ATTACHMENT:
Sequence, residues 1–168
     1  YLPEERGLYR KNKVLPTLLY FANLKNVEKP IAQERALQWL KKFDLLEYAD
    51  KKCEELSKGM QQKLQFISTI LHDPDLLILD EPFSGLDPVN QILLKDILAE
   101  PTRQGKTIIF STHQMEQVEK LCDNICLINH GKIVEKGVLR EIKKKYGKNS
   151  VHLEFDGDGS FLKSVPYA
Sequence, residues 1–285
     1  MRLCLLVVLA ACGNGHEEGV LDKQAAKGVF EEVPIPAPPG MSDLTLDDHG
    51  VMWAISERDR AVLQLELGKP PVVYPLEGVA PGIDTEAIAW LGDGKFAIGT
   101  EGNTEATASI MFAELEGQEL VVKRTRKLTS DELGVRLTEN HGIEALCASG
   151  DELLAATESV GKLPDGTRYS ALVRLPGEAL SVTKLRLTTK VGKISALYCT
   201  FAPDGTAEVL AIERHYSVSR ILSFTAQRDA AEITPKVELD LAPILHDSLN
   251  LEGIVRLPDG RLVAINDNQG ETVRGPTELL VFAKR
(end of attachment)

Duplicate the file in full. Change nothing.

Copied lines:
Sequence, residues 1–168
     1  YLPEERGLYR KNKVLPTLLY FANLKNVEKP IAQERALQWL KKFDLLEYAD
    51  KKCEELSKGM QQKLQFISTI LHDPDLLILD EPFSGLDPVN QILLKDILAE
   101  PTRQGKTIIF STHQMEQVEK LCDNICLINH GKIVEKGVLR EIKKKYGKNS
   151  VHLEFDGDGS FLKSVPYA
Sequence, residues 1–285
     1  MRLCLLVVLA ACGNGHEEGV LDKQAAKGVF EEVPIPAPPG MSDLTLDDHG
    51  VMWAISERDR AVLQLELGKP PVVYPLEGVA PGIDTEAIAW LGDGKFAIGT
   101  EGNTEATASI MFAELEGQEL VVKRTRKLTS DELGVRLTEN HGIEALCASG
   151  DELLAATESV GKLPDGTRYS ALVRLPGEAL SVTKLRLTTK VGKISALYCT
   201  FAPDGTAEVL AIERHYSVSR ILSFTAQRDA AEITPKVELD LAPILHDSLN
   251  LEGIVRLPDG RLVAINDNQG ETVRGPTELL VFAKR